Pordes said the direct involvement of the development team was important to the transition from current systems, based on the long-established FORTRAN computer code, to the more recent C++ code, which evolved from C. The C-based codes are gaining commercial support, while commercial support for FORTRAN appears to be eroding.
"ROOT looks like an interesting product," said Joel Butler, former head of Fermilabs Computing Division, and a member of the joint group assessing the experiments data needs. "There are other issues, like how flexible and maintainable it is. It will be interesting to see what happens."
In an object-oriented data system, such as ROOT, a segment of data (an "object") is encapsulated with the routines or methods that operate on that data; in other words, the information knows how to process itself when a user retrieves it. Canal explained that an object-oriented system allows access to higher levels of organization in retrieving data.
"One of the advantages is that we encapsulate more and more of the information," Canal said, "so that each user needs to know less about the details of how a chunk of data is implemented, and can focus more on the higher level concepts of using the data. The concept is to merge both data and functionality."
Butler emphasized that making data simple to store and retrieve is increasingly important to experimenters, because users and programs are increasingly approaching the data in different ways from different locations. The object-oriented approach offers a good match because of the merging of data and functions, bypassing the need for strict adherence to a particular method of access.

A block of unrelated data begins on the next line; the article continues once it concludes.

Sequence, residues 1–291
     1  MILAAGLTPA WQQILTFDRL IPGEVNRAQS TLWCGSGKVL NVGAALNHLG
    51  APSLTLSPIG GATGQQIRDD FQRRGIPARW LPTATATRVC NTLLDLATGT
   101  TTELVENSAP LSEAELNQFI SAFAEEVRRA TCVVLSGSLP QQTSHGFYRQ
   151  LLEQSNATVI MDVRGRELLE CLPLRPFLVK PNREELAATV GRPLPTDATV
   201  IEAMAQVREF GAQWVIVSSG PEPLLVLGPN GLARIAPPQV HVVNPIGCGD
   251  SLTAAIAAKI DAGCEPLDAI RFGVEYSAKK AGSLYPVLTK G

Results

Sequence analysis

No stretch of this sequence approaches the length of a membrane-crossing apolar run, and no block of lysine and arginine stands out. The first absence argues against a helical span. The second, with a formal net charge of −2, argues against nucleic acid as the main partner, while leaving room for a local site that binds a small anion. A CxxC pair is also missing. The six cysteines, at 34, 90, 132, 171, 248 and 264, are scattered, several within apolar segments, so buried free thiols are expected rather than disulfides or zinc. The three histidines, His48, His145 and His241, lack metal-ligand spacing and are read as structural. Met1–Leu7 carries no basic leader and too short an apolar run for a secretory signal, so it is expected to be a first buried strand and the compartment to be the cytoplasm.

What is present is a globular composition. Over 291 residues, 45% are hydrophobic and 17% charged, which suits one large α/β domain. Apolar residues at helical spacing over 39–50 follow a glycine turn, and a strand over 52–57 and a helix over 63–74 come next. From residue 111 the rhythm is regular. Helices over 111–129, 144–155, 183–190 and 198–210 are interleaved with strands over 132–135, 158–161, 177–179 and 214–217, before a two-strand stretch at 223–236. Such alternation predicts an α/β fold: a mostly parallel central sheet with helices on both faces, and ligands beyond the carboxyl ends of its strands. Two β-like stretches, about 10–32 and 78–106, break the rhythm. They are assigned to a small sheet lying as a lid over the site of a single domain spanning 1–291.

"More and more programs function collaboratively with each other," Butler explained, "but they also function asynchronously. If a user types something, he or she wants something to happen. The object-oriented model allows components to interact more freely, because it does not require a strict ordering of the interactions by the machine."
Canal stressed that to an experimenter, "data is the only thing you have of value, and you want to be able to put your hands on it." That usually means developing new tools.
Experimenters cant use programs off the shelf from the local computer store, because of the sheer size of the data involved in their experiments (remember those 80,000 laptops). That much data cant simply be stored in a computers memory; much of it has to go on remote disks, and Pordes pointed out that commercial tools generally work only with data stored in memory.
"We need software to support some of the data being on disk and some being in memory," Pordes said. "Tools like PAW and ROOT support that, but commercial tools typically dont."
It is not unusual for physics experiments to adopt their own software, separate from the systems used generally throughout a Laboratory. Though its predecessor, PAW, is widely used in physics, ROOT is very much an individual product, started in the context of the NA49 experiment at CERN in 1995.
Commercial tools are not currently favored as solutions, but they are not being ruled out of the search at Fermilab, CERN and other labs, Wolbers said. He indicated that the less special attention an application needs, the more generally useful it would become.
"Software is something experiments can support on their own," he explained, "but sooner or later a software choice could involve a significant support load from the Laboratory. Were also looking for commercial products that might be modified or used as-is. We want to leave our options open in case other applications prove to be superior. We also want to continue working with CERN and other labs so we dont come up with incompatible techniques. Hopefully, well be able to do something that applies to all of high-energy physics."
The search continues, rooted in the desire to link the greatest possible use with the lowest possible maintenance. For that final analysis, providing the best tools will require computer art as much as computer science.
|last modified 4/30/1999 email Fermilab|